Some might think that a Guidelines range that exceeded the statutory maximum by 50% (and more) would itself be per se unreasonable. Some might think that such a Guidelines calculation would demonstrate the very Sixth Amendment problem in Blakely and Booker where uncharged conduct is used to increase a potential sentece above the statutory maximum. Some might take this to be evidence that the Guidelines are, in fact, deeply flawed and out of true with the very statutes to which they purport to pertain. Some might think that the statutory maximum would be reserved for the worst of the worst who had no mitigation, instead of a case involving meth manufacture by a meth addict where even the sentencing court noted that the defendant's criminal history was all related to his drug addiction. Some might think so, but not this court.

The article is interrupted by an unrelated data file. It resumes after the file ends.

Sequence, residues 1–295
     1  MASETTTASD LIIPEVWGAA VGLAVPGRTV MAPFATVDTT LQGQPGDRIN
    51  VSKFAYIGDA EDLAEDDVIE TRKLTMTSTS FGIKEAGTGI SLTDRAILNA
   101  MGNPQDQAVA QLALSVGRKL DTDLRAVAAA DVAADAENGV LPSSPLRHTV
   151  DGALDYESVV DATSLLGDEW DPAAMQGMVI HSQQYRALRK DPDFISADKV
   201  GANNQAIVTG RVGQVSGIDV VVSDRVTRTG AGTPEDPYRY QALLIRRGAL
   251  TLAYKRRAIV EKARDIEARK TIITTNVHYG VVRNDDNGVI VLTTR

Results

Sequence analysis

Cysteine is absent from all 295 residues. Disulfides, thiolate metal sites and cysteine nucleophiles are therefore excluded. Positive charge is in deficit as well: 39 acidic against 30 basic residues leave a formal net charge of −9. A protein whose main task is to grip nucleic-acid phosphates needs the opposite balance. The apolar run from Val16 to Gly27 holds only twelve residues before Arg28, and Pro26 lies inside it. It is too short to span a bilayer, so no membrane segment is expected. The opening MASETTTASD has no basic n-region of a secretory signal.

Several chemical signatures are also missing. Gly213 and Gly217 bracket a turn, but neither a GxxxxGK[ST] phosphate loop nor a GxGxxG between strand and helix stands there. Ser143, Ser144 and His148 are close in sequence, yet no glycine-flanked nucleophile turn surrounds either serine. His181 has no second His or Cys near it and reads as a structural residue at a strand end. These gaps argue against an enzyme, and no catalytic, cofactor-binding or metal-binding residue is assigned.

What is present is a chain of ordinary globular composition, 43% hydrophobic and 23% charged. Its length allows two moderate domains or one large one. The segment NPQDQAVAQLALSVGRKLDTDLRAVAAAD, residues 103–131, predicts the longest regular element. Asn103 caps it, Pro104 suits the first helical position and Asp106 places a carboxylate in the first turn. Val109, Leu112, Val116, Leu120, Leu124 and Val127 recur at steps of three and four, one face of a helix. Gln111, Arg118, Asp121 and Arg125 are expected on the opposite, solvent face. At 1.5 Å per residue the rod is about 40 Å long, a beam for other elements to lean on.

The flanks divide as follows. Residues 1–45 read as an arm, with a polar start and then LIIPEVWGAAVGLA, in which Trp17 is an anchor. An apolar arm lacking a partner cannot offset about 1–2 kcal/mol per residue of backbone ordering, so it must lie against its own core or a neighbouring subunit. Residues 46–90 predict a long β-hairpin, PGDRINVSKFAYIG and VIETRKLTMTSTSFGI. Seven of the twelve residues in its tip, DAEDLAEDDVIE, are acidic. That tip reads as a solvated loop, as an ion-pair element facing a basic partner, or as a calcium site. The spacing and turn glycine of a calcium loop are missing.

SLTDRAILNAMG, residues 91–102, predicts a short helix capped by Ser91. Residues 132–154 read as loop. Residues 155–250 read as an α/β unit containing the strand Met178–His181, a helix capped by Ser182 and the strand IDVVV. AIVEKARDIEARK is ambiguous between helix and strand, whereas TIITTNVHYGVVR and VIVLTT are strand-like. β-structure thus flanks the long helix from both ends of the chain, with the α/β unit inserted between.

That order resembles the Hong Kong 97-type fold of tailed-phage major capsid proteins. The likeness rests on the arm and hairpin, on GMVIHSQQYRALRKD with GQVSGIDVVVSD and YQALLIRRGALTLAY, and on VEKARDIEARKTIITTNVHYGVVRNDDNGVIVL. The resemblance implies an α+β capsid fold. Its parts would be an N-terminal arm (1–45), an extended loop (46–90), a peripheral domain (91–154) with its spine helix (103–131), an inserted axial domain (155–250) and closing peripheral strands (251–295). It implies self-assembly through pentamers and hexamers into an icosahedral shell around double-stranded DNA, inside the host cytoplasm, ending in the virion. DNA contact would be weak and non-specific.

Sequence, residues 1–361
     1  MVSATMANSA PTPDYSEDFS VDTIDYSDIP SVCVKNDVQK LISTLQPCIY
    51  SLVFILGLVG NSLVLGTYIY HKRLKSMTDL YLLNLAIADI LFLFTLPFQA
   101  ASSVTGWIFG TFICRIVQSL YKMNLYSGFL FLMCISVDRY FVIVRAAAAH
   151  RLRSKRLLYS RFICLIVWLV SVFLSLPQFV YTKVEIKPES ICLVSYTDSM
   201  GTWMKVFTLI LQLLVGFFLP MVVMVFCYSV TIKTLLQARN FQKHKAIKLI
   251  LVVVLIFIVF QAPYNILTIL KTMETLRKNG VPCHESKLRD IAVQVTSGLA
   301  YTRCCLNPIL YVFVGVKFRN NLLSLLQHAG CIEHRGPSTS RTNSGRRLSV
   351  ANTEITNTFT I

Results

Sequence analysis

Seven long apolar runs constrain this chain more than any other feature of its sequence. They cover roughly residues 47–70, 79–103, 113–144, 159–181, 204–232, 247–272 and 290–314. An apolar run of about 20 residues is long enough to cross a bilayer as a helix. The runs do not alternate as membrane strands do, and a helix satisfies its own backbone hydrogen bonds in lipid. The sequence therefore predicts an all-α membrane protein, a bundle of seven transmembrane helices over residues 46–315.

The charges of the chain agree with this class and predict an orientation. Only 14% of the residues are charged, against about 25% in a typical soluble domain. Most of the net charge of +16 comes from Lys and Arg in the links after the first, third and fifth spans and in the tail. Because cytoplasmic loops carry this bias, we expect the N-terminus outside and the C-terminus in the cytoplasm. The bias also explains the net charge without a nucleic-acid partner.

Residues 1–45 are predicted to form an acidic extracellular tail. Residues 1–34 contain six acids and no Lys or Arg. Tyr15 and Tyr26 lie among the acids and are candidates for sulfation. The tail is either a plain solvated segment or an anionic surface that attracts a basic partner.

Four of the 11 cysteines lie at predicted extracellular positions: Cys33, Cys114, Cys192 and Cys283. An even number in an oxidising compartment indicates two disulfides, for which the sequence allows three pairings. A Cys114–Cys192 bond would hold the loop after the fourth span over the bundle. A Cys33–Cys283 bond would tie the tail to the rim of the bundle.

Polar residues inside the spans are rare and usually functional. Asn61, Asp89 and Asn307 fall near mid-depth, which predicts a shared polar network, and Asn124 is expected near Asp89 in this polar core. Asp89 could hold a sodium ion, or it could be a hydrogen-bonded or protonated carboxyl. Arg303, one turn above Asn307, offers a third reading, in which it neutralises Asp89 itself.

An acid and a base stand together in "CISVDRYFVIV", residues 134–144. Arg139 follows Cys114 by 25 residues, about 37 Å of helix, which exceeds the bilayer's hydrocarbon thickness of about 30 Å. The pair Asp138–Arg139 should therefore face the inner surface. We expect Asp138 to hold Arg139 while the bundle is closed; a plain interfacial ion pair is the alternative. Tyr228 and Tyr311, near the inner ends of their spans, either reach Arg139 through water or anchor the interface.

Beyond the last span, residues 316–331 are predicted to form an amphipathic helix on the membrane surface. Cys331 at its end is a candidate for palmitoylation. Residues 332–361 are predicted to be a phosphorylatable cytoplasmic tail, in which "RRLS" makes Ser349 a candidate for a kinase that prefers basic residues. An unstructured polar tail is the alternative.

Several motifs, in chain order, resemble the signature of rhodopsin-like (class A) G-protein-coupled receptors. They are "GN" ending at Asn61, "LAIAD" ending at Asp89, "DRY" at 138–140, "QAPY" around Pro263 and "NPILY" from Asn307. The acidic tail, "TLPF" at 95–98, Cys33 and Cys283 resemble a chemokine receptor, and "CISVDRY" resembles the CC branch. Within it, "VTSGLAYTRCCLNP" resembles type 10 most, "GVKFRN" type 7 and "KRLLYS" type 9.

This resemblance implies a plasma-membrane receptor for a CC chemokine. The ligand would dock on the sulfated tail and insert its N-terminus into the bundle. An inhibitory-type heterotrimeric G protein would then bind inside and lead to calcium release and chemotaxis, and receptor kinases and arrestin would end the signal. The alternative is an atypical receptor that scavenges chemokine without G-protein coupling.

Friday, March 16, 2007

Departure Affirmed

Just as there is much backsliding toward a scheme that would effectively re-institute mandatory Guidelines, the Sixth Circuit's decision in United States v. Husein, No. 05-2548 (6th Cir. 3/2/07) (Gilman, Martin & Cole, JJ.), shows clearly how advisory guidelines can work post-Booker.

Fadya Husein pleaded guilty to her role in two sales of a total of 763 ecstasy pills. (She helped arrange the meetings and was physically present, but was neither the buyer nor seller.) Her Guideline sentencing range was found to be 37 - 46 months in prison. As mitigation at sentencing, she offered that her father was a stroke victim who required around-the-clock attention which she and her mother provided, and that she was the only one in the household with a driver's license, critical for those occasions when her father needed to be taken to the doctor or the hospital. (Interestingly, after reading this information in defendant's sentencing memorandum, the district judge sent the probation officer to the house to report on the extent of the father's problems, which he did.) After hearing proof about Ms. Husein's necessary part in the household, the district court granted a downward departure and sentenced her to 1 day of imprisonment and 3 years supervised release with 270 days of home confinement as a condition thereof.